Thursday, 22 April 2021

Herland by Charlotte Perkins Gilman + #FreeBook

Herland by Charlotte Perkins Gilman
Published in America in 1915.

How I got this book:
Downloaded the ebook from Project Gutenberg

My rating: 4 of 5 stars

An all-female society is discovered somewhere in the distant reaches of the earth by three male explorers who are now forced to re-examine their assumptions about women's roles in society.

Herland is the Goodreads Vegan Book Club book choice for April which is why I finally stopped procrastinating about reading this utopian feminist classic and downloaded a Project Gutenberg ebook. I was surprised by just how much I enjoyed the story. It is somewhat dated in places with concepts such as 'negative eugenics' engendering a sense of unease, but I felt I could very happily have lived in Herland myself. Gilman has managed to upend our learned understanding of enforced gender roles, instead envisaging a single gendered country where all opportunities are open to everybody.

I liked how the three male characters, each such a stereotype, were used to illustrate the daftness of quite a lot of our society's customs - or those of a hundred years ago at least. I'm not sure if a Herland narrator would have had the same impact, especially to an audience whose mindsets would have been more likely in tune with those of Terry, Jeff or Van. If Gilman had written Herland today, I would have been upset at her telling this women's story through male eyes, but instead I'm taking it as a sign of just how far mainstream literature has progressed in the interim.

Gilman shows interesting foresight in several of her assumptions about what makes Herland such a successful community. Animal agriculture being discontinued in favour of a plantbased diet purely because of the inefficiency of feeding farmed animals far more than they provide by way of nutrition is an idea that I see frequently argued now, over a century since Herland was written. The Herland women also live with an eye firmly set to their community's future. Fruit and nut tree forests are widely planted and their educational emphasis is on how the next generation can build upon the successes of their mothers and grandmothers. Herland does not stagnate through chaining itself to outdated traditions and cultural practices.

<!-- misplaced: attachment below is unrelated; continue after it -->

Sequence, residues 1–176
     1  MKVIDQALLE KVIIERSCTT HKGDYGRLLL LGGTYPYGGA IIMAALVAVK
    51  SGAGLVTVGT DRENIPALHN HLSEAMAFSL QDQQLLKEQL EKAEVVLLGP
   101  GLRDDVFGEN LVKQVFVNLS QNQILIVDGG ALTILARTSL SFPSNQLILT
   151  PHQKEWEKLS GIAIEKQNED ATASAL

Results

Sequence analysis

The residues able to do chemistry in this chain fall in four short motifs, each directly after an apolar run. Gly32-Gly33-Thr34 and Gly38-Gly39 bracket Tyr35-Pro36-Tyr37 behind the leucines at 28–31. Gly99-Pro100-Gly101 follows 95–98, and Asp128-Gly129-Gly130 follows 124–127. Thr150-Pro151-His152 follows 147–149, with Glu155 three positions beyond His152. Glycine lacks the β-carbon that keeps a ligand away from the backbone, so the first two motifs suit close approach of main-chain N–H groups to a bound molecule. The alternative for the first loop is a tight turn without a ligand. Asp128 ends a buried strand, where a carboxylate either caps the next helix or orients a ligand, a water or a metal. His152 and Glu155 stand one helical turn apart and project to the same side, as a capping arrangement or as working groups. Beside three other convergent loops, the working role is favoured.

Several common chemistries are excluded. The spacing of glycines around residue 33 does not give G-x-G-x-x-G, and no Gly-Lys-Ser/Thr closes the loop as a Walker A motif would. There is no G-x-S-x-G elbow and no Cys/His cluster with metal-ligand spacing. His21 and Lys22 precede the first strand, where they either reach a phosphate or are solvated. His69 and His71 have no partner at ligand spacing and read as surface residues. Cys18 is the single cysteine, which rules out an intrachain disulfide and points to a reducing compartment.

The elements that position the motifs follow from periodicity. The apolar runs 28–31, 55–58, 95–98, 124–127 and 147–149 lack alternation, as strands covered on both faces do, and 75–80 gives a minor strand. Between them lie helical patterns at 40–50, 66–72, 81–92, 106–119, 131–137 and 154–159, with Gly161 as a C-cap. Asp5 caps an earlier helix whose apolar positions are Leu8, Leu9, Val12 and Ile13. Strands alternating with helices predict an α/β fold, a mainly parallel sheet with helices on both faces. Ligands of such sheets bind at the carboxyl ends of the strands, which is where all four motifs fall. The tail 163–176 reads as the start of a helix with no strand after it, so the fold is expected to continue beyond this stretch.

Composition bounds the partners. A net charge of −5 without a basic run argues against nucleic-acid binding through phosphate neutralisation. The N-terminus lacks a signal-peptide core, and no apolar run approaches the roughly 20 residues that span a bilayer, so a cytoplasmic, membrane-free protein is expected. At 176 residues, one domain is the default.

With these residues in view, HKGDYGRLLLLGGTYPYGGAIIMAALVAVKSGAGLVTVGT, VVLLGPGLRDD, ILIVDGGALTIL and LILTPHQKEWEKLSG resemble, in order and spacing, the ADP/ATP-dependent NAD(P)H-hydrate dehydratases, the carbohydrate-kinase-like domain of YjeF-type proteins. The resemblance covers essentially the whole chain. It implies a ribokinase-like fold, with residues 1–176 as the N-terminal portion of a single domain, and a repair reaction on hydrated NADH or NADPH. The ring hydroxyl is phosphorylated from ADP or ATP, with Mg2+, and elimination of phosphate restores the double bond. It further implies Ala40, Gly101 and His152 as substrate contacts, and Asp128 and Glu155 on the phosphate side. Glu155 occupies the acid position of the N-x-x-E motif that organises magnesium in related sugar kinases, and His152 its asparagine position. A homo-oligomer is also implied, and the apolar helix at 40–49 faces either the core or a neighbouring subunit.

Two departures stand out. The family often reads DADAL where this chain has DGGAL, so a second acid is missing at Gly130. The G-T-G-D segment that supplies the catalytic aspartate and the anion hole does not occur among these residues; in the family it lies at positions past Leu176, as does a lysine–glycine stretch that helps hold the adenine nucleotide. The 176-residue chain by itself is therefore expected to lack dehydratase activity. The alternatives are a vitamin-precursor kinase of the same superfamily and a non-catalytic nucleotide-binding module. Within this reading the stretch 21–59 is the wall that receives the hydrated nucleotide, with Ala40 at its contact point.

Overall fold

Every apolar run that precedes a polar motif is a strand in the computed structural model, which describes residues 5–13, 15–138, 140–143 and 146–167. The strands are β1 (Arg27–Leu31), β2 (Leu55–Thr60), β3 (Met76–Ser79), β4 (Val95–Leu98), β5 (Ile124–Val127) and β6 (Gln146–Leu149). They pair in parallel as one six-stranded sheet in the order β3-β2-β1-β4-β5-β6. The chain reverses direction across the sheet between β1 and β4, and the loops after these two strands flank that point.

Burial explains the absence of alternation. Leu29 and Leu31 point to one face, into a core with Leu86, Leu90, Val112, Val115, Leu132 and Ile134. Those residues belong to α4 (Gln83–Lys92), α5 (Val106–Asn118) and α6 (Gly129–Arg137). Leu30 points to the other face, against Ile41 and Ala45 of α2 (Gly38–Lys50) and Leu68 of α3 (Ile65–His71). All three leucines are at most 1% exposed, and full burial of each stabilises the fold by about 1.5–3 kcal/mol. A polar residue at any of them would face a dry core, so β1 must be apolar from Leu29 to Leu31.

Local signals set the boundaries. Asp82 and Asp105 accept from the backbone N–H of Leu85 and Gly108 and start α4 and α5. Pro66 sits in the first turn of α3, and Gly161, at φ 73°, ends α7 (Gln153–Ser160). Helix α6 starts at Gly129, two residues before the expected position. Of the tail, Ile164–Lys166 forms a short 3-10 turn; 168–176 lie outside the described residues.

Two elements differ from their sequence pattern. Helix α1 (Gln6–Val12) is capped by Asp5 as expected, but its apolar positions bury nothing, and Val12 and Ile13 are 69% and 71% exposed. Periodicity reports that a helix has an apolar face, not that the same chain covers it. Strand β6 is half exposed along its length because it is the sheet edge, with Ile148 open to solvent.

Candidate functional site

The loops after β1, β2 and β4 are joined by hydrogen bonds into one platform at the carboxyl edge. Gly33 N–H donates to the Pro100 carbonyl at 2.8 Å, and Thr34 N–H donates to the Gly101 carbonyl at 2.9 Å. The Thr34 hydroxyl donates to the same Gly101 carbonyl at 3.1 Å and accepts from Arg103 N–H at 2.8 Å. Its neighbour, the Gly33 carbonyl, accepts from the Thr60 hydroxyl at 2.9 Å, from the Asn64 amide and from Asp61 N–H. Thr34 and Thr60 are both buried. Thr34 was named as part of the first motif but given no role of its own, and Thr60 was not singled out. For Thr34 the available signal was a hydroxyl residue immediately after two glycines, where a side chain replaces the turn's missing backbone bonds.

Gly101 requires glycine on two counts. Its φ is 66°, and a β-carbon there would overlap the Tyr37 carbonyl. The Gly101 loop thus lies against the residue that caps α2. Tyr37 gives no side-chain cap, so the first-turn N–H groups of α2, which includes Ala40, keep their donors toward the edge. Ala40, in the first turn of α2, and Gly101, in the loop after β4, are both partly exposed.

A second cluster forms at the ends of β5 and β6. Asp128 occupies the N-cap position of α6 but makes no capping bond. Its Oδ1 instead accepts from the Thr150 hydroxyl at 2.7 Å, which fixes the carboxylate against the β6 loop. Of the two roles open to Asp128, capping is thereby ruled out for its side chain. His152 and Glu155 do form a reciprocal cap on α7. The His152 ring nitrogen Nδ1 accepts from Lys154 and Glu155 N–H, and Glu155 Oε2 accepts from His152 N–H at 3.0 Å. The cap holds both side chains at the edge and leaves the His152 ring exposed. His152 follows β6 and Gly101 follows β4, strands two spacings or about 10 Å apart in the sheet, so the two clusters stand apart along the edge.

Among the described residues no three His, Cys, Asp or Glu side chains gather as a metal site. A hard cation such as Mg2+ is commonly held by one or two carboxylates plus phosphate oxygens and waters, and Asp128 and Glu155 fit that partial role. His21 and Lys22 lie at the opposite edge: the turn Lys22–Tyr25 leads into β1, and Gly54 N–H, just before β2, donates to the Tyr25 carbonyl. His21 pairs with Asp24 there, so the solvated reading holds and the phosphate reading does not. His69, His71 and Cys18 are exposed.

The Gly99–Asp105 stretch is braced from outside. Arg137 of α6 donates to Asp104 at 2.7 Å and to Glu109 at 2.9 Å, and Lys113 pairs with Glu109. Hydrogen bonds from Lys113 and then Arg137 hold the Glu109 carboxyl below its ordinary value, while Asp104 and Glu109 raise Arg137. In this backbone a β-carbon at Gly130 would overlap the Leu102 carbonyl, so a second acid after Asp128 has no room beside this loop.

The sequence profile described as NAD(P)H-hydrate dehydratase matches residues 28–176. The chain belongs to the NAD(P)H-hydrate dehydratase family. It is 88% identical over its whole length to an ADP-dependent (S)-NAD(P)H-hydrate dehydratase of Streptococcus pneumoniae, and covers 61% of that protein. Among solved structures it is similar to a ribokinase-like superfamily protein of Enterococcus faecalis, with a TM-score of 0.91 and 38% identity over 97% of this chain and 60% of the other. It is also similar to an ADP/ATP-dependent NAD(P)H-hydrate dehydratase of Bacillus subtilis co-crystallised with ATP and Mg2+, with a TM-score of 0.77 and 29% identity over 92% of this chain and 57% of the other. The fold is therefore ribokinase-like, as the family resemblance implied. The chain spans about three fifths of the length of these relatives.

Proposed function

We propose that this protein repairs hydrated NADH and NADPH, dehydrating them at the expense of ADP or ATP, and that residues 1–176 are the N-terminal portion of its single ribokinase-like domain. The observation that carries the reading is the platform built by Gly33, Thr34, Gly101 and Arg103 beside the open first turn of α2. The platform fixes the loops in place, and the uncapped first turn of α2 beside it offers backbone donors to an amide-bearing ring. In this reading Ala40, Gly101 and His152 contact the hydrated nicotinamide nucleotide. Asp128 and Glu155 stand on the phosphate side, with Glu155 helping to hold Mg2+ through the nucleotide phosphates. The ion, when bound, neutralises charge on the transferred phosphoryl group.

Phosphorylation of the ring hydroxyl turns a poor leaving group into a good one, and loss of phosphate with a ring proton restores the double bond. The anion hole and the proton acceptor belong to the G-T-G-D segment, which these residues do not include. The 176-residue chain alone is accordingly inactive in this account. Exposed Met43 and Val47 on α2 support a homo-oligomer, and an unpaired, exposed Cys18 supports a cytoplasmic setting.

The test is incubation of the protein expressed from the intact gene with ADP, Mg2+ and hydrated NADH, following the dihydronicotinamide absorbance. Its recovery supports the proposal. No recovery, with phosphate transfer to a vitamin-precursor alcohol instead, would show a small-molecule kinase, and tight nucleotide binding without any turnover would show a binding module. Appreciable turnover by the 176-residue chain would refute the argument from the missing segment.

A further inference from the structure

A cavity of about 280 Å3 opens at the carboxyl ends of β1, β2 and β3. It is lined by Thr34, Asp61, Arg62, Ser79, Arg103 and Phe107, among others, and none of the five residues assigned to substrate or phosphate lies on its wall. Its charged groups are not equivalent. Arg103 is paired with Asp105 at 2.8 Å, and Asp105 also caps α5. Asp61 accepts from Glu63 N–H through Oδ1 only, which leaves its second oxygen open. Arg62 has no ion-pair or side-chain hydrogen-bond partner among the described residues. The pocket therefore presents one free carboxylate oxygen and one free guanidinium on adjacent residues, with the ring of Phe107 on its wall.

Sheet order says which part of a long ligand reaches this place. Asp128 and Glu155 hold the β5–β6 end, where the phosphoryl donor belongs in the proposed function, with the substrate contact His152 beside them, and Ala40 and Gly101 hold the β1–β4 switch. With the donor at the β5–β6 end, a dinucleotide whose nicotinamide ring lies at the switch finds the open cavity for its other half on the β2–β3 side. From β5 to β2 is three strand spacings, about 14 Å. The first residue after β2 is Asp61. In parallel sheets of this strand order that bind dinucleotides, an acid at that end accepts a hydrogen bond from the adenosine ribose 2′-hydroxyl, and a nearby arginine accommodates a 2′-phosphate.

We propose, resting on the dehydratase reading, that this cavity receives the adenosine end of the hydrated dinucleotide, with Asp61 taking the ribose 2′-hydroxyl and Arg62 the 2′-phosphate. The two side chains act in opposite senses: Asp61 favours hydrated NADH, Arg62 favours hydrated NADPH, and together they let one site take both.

If Herland was a male-centred book, I would quite expect it to have become a cult blueprint for alternative community bubbles across the Western world. I can see how many aspects of the Herland communal living ethos could benefit all people in the real world. Perhaps its time has now come?

Search Literary Flits for more:
Books by Charlotte Perkins Gilman / Fantasy fiction / Books from America

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